Joost confirms that EBS is indeed one of the two main avenues for these companies. Within the EBS, they can typically find an area to export reports in various formats, such as CSV, PDF, or MT940.

He also mentions some banks offer plugins compatible with local domestic accounting software. However, these are very region-specific and might not cater to global corporations.

Visa and Mastercard in the Picture

In the final part of this segment, Hussam brings up Visa and Mastercard, wondering why they can’t be used in place of all the discussed methods.

Joost explains that while different, they are complementary. They come into play when a company wants to integrate card transactions into their overall transaction overview or include online wallet balances in the overall cash overview.

So, if you want to include cash stored in PayPal or Adgents or card transaction information within your financial software, companies like Joost’s can help. They enable the integration of this data, making your daily cash overview comprehensive and easy to manage.

Types of Information Exchanged in Bank Connectivity and Overcoming Format Challenges

Guillaume starts this segment by confirming that Joost’s company also connects with card payment networks like Visa and Mastercard and banks. Joost acknowledges this, setting the stage for further discussion on the intricacies of bank connectivity.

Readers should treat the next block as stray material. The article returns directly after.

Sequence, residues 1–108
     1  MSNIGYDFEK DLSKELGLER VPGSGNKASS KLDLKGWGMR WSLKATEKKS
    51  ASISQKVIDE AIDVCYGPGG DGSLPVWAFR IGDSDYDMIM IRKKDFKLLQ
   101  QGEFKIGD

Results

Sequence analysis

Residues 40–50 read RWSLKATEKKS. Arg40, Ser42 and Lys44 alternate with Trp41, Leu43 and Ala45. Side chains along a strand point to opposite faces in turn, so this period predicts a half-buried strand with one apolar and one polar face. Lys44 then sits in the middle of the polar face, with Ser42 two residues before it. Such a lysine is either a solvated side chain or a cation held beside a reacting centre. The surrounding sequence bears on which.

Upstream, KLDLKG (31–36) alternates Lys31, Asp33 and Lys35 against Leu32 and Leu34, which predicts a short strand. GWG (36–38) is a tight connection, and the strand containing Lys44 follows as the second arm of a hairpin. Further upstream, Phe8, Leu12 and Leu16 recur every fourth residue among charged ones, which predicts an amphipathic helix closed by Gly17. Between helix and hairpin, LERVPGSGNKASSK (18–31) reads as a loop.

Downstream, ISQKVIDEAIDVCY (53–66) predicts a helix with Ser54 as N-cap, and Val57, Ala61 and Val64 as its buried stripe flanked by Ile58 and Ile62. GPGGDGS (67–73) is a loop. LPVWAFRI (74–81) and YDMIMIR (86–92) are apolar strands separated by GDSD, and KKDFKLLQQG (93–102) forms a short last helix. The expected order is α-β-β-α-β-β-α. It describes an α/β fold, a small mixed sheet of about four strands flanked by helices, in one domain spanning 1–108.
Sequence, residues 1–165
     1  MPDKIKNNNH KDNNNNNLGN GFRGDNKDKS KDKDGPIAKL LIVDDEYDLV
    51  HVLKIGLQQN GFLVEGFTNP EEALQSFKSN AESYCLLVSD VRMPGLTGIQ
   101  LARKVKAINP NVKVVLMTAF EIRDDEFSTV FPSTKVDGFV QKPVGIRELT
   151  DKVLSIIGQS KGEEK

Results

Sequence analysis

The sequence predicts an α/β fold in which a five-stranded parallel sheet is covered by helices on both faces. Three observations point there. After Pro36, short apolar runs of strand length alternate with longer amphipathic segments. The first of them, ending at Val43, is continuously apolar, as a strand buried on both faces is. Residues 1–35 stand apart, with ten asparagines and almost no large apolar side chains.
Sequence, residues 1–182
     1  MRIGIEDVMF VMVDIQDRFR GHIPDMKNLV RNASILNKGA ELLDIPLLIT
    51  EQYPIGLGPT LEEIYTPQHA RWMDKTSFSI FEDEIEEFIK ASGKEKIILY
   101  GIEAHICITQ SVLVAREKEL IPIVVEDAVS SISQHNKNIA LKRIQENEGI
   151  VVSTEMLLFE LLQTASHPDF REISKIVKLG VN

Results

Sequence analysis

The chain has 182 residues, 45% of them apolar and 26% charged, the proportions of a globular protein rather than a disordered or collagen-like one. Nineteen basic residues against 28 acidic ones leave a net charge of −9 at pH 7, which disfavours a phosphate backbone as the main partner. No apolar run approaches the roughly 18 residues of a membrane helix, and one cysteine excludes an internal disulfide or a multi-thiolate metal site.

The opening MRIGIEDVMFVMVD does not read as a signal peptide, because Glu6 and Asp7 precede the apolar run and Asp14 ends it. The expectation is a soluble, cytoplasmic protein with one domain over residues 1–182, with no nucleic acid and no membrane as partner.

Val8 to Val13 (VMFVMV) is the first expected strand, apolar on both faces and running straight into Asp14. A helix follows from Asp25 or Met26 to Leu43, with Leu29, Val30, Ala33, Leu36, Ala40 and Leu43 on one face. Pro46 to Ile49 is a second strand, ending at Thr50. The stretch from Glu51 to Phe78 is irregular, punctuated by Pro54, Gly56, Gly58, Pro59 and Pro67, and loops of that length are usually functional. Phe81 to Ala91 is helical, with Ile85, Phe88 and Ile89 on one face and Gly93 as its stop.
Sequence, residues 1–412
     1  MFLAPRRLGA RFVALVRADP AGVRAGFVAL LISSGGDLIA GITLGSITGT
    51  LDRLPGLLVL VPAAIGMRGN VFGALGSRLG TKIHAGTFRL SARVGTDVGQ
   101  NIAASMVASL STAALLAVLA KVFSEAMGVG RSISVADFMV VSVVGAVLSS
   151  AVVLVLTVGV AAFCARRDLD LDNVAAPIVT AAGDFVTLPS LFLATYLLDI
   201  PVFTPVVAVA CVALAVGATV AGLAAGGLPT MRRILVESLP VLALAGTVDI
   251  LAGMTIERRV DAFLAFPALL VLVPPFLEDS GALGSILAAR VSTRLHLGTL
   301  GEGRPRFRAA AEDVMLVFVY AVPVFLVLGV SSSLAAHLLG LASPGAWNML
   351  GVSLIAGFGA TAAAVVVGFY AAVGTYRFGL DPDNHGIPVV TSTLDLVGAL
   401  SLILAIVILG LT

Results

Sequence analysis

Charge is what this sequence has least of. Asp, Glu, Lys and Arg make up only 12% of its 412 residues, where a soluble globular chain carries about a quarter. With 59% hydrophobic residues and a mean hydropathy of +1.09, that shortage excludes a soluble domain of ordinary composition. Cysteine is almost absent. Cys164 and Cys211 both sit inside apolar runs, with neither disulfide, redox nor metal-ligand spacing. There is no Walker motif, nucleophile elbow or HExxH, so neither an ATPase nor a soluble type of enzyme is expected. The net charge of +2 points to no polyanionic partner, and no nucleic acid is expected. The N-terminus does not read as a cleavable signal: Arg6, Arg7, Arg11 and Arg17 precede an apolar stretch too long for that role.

The Complexity of Payment Formats and Templates

Moving the conversation forward, Guillaume wonders about the information exchange in bank connectivity. Specifically, he wants to understand what goes from the corporate side to the bank.

Joost highlights this as a critical corporate area, primarily due to the associated risks. He outlines that while status reports and tracking of payments is one aspect, the real challenge starts with managing payment formats and templates.

These formats and templates vary across banks, payment products, and countries. So, when you need to send a large payment batch from your accounting software to the right bank in the correct format, it becomes a daunting task for the specific payment product,

Joost underlines that tackling this challenge alone is nearly impossible for corporations. Here, software solution providers come into play. His company, for instance, takes a large payment batch from the corporation’s system, splits it, and converts it into smaller batches per each bank’s requirements.

Risk and Complexity in Incoming and Outgoing Payments

Though incoming payments (bank statements) have less risk attached as they involve only information receipt, their complexity in terms of formats is the same as outgoing payments.

The last part of the conversation revolves around the function of bank connectivity tools. Guillaume confirms that these tools receive a bulk of payment information from a corporate entity, process it, and ensure that the right amount of money is sent to the correct bank with the accurate transmission of information. Joost agrees with this summary, concluding the discussion on this subject.

Ensuring Proper Execution of Payments and Additional Features of Bank Connectivity

Tracking Payments with a Traffic Light System

Moving on to the next question, Guillaume asks how to ensure that sent payments have been executed correctly or are on their way to the right destination. He wonders if there’s a status report that banks can send through their connectivity channel.

Joost mentions that there are various technologies available for this purpose. One of the most intuitive methods he discusses is using a “traffic light” system. This dashboard allows users to track the status of their payments. It informs them whether the payments are in process or accepted by the receiving bank.